Mail: Andrew Nikiforuk
We received a lot of response to Friday's program on Jim Brown's conversation with Andrew Nikiforuk.
Once upon a time, it took hundreds of slaves to build a structure ... to move the stone and clear the land. But then, along came steam ... and oil. And these more powerful forms of energy allowed us to do so much more.
Journalist and author Andrew Nikiforuk spoke to us about the connection he makes between slavery and today's dependence on hydrocarbons. It's an argument he lays out in his new book The Energy of Slaves.
Lots of comment in the inbox. Adam Caldwell of Ottawa reacted by writing:
Mr. Nikiforuk's argument is right on the money. The world in which we live in is unprecedented, unsustainable, and an utter facade. This illusion informs our relationship with our stuff, each other and our place in the world. We need to get some perspective. Otherwise, we will hit that wall and be unprepared for the "real" world.
But Blake Hunsley of Halifax says:
Andrew Nikiforuk damages his own arguments by using the term slavery this way. Our pillaging of the planet to maintain our comfortable lifestyle is indeed a great moral failing. However, the term "energy slaves" makes me stop considering the validity of his points and dwell on the hyperbole.
And we'll get a different view on the oilsands tomorrow. We will be speaking with Rick George, former CEO of Suncor. Twenty years ago, he looked at a struggling industry and saw an opportunity. We'll talk about what he sees today.
It's a Girl: A documentary on Gendercide - Filmmaker Evan Grae Davis
We started this segment with a clip from Hillary Clinton speaking at the UN 4th World Conference on Women - held in Beijing in 1995.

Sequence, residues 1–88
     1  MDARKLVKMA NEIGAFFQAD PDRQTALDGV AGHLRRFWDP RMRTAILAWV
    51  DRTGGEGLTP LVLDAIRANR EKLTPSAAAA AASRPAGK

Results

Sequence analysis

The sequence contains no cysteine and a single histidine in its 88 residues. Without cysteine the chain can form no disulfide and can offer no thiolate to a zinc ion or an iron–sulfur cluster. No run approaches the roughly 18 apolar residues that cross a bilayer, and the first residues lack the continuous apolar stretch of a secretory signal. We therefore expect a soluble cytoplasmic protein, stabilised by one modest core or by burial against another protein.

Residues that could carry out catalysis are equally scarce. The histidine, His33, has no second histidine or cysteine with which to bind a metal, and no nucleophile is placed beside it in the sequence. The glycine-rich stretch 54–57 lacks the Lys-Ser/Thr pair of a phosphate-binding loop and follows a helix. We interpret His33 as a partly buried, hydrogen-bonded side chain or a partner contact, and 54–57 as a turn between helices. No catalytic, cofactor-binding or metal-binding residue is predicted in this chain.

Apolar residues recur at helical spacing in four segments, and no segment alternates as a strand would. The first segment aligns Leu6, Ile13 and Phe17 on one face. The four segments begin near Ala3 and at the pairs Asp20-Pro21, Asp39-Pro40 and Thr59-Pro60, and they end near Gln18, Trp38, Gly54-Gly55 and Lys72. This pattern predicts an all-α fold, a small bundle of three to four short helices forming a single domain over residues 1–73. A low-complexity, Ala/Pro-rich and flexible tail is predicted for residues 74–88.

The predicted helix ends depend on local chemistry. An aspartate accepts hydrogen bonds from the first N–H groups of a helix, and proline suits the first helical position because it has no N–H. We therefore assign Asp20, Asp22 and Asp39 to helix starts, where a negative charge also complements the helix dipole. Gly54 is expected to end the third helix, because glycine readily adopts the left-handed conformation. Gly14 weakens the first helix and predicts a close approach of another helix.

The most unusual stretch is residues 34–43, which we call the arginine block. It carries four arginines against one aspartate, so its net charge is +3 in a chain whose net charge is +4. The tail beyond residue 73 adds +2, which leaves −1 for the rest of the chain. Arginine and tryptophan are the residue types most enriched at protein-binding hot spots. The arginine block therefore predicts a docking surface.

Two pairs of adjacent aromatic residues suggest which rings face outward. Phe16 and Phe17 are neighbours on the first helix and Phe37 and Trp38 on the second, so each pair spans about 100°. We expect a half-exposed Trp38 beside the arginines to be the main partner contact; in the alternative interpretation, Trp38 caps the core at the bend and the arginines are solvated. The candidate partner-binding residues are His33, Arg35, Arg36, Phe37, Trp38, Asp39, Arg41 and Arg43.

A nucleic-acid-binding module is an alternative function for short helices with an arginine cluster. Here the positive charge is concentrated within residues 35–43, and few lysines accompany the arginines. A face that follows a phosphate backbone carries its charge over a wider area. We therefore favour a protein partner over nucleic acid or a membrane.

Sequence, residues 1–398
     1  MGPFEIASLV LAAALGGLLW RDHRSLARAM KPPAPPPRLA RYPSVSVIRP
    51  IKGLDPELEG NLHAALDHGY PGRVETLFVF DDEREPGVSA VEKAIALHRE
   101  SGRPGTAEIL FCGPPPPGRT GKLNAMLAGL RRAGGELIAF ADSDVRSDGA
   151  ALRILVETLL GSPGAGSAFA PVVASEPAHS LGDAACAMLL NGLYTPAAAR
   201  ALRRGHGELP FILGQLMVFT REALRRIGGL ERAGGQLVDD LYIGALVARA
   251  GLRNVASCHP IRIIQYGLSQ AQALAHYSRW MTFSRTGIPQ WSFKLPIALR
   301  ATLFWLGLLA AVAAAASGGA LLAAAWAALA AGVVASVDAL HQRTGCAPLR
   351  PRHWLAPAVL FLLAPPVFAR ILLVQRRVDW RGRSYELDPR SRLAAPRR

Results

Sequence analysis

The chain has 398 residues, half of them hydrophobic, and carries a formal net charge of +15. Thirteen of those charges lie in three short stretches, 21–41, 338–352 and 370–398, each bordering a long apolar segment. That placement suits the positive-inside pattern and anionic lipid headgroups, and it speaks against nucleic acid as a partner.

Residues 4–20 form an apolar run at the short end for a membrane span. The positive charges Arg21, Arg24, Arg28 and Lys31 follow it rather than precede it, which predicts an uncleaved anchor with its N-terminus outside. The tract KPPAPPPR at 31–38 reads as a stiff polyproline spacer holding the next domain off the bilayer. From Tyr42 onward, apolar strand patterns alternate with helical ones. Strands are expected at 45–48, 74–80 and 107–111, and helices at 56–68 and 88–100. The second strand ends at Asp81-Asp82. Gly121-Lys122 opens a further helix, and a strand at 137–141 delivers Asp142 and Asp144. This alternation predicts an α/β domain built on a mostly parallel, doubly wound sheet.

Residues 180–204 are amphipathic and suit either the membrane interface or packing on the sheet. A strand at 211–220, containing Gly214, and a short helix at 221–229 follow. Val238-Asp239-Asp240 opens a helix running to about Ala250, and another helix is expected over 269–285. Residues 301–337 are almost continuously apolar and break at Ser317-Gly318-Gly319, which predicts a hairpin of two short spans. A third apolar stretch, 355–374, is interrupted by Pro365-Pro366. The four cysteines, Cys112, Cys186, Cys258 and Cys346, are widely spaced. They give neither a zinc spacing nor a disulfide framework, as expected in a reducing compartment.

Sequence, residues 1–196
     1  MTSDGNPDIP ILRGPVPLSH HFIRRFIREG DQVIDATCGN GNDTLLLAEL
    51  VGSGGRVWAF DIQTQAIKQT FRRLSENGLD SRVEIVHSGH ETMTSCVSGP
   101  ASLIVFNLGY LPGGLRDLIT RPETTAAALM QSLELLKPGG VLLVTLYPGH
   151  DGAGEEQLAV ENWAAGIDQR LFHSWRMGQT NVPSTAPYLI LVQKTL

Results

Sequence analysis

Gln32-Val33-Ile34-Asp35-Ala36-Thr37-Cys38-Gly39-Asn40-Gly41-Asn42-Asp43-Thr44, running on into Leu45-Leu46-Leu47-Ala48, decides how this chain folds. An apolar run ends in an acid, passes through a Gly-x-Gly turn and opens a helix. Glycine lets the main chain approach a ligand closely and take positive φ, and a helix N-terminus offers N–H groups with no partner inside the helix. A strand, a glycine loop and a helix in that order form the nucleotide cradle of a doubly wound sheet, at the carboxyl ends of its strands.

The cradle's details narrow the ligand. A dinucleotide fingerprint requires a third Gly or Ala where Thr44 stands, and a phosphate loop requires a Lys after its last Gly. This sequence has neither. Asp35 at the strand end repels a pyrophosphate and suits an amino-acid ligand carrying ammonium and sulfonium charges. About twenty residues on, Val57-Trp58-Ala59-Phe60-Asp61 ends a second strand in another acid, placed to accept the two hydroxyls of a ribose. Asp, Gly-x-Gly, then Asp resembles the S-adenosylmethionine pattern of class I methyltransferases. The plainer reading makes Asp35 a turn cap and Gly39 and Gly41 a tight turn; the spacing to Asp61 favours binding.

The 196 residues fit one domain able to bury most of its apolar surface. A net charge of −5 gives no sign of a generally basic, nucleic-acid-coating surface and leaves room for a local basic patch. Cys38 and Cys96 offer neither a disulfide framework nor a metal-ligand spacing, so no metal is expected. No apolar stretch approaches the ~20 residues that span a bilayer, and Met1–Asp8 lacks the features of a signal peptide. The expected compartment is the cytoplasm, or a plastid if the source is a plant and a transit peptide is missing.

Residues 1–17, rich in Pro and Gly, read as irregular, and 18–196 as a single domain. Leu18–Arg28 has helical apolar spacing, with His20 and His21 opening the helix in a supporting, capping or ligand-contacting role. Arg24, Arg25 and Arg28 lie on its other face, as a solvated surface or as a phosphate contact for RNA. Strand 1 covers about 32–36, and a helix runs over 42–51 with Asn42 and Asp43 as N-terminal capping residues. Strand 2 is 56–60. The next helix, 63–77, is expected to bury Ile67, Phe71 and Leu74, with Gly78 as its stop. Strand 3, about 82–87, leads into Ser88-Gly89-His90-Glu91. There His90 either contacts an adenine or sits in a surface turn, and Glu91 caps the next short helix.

But that call for change has been widely ignored according to a new documentary. It's a Girl is a film that looks at gendercide in China and India.
Evan Grae Davis is the film's director and he joined us from Tuscon Arizona.
This segment was produced by The Current's Liz Hoath.
Last Word - Peace Montage
We were talking today about the Nobel peace prize and whether the prize has been diminished by awarding it to the European Union. Some people believe offering it to politicians takes the lustre off the prize.
Linus Pauling won for his opposition to nuclear weapons. Norman Borlaug won for his role in developing grains that do so much to end world hunger. But really, the list of non-political winners is as short as an Oslo summer.
Besides, politicians really can make a difference. They can choose to make peace rather than war. They can offer cool reason to hot heads. On today's Last Word, some peaceful thoughts from some -- not always -- peaceful politicians.
Other segments from today's show: